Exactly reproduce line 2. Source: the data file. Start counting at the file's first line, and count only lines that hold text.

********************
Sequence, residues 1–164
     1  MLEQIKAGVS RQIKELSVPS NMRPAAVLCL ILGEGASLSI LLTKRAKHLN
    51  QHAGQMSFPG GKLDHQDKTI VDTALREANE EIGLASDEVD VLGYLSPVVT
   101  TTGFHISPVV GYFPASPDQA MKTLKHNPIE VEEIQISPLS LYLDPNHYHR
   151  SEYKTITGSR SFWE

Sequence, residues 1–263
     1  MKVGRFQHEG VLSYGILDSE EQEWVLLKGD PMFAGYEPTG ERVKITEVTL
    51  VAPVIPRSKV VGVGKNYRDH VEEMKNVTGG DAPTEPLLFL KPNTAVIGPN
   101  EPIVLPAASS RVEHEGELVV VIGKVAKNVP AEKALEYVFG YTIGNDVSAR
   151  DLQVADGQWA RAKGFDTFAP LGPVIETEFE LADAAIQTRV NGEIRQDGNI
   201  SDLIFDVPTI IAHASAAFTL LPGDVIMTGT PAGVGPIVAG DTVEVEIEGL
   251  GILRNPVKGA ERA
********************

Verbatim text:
     1  MLEQIKAGVS RQIKELSVPS NMRPAAVLCL ILGEGASLSI LLTKRAKHLN